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Human Rights Watch Film Festival: in London


Hooligan Sparrow, HRWFF, London Eight of the festival’s films are directed by women.

The Human Rights Watch Film Festival will be in London from 9 to 18 March, 2016, and features 16 inspiring, topical and provocative documentaries and dramas.

The Opening Night film on 10 March at the Curzon Soho is the UK premiere of ‘Hooligan Sparrow‘, which highlights the cost of defending human rights in China today.

The filmmaker, Nanfu Wang, joins a group of fugitive activists, including the maverick Ye Haiyan (aka “Hooligan Sparrow”) who go on the run across southern China to avoid government thugs and arrest after protesting the sexual abuse of six schoolgirls by their headmaster and government officials.

The Closing Night film on 18 March at Picturehouse Central is Deniz Gamze Ergüven’s Academy Award nominated debut drama Mustang, the story of five rebellious sisters growing up in Turkey who suddenly find their family home transformed into a prison, their schoolwork replaced by compulsory household chores and their futures dominated by arranged marriages.

The complex ethics, opportunities and risks of human rights filmmaking and reporting will be discussed in another three special programmes, to give audiences a greater understanding of the work of Human Rights Watch and human rights advocacy in general.

In one, Nadim Houry, the Human Rights Watch deputy Middle East and North Africa director, and Andrea Holley, strategic director of the Human Rights Watch Film Festival, will discuss the investigative techniques used to assemble the Human Rights Watch report If The Dead Could Speak, which revealed the human stories behind a set of 53,275 photographs that were smuggled out of Syria by a military defector in August 2013. The final report, which took nine months of research, included at least 6,786 images of people who had died in government custody.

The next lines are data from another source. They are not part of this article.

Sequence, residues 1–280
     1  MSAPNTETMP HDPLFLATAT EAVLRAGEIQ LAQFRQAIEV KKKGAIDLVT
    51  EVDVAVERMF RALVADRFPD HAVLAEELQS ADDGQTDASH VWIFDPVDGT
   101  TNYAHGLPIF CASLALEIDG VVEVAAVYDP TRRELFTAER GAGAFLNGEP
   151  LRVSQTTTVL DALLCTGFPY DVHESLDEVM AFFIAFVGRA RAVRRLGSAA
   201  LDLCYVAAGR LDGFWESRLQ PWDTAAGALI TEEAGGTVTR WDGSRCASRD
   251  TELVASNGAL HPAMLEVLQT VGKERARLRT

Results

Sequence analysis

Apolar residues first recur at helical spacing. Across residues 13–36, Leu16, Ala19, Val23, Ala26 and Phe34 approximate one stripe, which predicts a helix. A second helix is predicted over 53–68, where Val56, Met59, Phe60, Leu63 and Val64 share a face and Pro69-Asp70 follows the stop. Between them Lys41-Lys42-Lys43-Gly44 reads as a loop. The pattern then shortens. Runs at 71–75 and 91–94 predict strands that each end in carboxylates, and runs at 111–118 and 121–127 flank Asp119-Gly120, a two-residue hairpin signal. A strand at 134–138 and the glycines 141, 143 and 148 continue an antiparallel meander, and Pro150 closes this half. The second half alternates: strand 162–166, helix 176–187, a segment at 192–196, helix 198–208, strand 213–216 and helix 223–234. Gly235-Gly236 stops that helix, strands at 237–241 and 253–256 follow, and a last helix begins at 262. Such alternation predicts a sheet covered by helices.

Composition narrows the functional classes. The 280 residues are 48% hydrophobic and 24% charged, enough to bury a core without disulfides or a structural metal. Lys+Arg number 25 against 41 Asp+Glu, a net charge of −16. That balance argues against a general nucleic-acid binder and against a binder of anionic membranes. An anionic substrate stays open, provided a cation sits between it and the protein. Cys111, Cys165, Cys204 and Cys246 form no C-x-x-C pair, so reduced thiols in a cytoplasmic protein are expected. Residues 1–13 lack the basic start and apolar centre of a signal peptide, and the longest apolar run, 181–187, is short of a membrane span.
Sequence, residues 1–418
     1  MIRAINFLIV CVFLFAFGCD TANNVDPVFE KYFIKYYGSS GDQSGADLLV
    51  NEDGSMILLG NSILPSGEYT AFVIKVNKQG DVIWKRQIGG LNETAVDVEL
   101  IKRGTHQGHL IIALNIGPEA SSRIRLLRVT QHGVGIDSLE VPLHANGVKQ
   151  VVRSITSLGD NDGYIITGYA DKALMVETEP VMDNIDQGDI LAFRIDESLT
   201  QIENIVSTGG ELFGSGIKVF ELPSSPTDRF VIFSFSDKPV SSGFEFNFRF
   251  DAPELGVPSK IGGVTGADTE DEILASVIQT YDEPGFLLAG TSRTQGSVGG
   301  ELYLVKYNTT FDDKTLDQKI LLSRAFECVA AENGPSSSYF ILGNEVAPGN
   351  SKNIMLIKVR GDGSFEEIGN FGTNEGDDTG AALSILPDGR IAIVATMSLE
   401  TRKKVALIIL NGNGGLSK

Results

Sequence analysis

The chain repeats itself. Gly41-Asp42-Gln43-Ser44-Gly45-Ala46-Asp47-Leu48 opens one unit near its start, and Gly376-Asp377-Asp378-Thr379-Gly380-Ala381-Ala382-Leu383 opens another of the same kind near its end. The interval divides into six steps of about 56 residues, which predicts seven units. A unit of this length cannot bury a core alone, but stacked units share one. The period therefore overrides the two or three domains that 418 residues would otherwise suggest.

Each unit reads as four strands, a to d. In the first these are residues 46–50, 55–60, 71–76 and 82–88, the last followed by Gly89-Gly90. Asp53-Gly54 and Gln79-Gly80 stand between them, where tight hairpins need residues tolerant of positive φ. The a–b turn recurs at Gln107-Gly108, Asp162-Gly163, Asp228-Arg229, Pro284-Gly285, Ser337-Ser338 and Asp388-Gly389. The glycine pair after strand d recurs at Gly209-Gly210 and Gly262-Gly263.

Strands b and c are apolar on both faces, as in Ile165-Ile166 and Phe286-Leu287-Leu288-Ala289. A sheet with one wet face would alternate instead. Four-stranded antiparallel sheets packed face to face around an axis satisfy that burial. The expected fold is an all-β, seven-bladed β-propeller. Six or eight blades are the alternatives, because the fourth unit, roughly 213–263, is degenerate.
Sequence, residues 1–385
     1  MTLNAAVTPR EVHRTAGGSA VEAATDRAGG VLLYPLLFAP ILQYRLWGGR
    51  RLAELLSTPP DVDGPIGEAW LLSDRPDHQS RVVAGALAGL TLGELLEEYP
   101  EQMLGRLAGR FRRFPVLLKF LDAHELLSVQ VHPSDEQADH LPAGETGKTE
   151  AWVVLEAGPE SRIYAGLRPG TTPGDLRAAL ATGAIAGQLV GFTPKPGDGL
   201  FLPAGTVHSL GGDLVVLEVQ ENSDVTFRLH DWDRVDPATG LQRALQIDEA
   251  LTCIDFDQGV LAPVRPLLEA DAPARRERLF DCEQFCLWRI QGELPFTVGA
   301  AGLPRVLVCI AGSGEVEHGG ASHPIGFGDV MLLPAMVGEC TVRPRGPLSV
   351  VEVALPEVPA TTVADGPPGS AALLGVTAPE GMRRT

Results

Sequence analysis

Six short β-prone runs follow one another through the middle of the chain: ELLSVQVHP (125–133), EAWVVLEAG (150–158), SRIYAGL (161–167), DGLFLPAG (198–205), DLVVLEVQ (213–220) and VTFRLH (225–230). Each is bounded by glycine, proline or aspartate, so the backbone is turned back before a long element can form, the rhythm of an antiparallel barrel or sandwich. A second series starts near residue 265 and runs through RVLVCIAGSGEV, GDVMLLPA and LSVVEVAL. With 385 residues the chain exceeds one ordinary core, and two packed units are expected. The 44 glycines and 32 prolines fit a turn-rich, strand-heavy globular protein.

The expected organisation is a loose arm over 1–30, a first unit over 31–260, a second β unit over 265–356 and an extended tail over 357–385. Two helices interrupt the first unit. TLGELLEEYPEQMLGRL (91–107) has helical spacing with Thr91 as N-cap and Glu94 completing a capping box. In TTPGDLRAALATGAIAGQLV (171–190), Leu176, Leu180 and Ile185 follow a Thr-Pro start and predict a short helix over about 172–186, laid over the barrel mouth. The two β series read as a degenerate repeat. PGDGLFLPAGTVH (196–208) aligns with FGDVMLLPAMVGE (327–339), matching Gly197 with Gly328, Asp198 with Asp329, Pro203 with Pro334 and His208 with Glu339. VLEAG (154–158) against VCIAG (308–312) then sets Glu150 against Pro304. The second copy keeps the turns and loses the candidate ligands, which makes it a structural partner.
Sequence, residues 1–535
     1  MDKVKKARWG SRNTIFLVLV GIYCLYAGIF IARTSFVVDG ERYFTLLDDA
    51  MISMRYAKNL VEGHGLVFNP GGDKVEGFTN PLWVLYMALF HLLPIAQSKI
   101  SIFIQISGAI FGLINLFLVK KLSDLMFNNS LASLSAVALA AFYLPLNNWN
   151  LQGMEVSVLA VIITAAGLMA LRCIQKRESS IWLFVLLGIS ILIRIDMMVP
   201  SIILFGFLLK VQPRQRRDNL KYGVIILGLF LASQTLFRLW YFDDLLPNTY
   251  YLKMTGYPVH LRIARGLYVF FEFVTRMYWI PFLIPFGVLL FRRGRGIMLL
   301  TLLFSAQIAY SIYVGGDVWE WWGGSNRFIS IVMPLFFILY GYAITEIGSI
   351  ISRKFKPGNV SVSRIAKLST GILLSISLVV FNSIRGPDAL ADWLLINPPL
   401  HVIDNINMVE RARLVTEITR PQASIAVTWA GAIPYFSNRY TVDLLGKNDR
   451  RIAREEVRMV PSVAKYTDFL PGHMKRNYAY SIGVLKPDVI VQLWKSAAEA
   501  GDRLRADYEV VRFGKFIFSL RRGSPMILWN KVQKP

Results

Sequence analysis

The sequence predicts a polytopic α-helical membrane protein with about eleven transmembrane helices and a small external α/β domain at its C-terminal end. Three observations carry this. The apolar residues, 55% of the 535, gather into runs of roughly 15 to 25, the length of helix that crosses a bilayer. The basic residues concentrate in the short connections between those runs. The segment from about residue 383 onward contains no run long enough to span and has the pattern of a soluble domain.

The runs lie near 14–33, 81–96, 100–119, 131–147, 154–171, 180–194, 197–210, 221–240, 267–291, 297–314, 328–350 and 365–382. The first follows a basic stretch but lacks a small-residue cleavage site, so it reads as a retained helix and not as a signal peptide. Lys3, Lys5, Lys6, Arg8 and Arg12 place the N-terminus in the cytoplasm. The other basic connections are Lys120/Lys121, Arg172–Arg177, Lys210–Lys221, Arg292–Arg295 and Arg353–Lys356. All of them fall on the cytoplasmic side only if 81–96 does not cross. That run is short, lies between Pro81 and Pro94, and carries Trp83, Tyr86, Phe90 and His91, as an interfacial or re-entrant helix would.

Complex ethical issues are also revealed in two documentaries.

In P.S. Jerusalem – following the death of her father the noted journalist and author Amos Elon – the director Danae Elon moves her young family from New York to her hometown of Jerusalem and intimately captures the experiences and endless questions of two of her young boys as they confront the reality around them.

In Sonita – winner of Sundance 2016 Grand Jury World Documentary prize – the filmmaker Rokhsareh Ghaem Maghami documents and ultimately alters the course of the life of the feisty Afghan teenager Sonita, who despite living as a refugee in Iran, where female singers are banned from singing solo, as well as her family’s plans to sell her for USD9,000 as a teenage bride, remains determined to become a famous rapper.

Among the eight festival films directed by women, is Gini Reticker’s The Trials of Spring, a selection of shorts that look at women from Bahrain, Libya, Syria and Yemen who were on the front lines of the Arab Spring uprisings five years ago, and took to the streets beside men, their signs held high. But as the jubilation of revolution gave way to the convoluted process of governing – and often the chaos and blood of war – women have disappeared from the mainstream story.

While the films are being shown at the Barbican, the British Museum, the Curzon Soho, Picturehouse Central, and the Ritzy Picturehouse, select films from the Festival will be shown online during the London 2016 event.

The Human Rights Watch Film Festival is proud to continue its exciting partnership with MUBI, an online cinema community whose 6.5 million users watch, discover and share their thoughts on great movies from around the world. Learn more at

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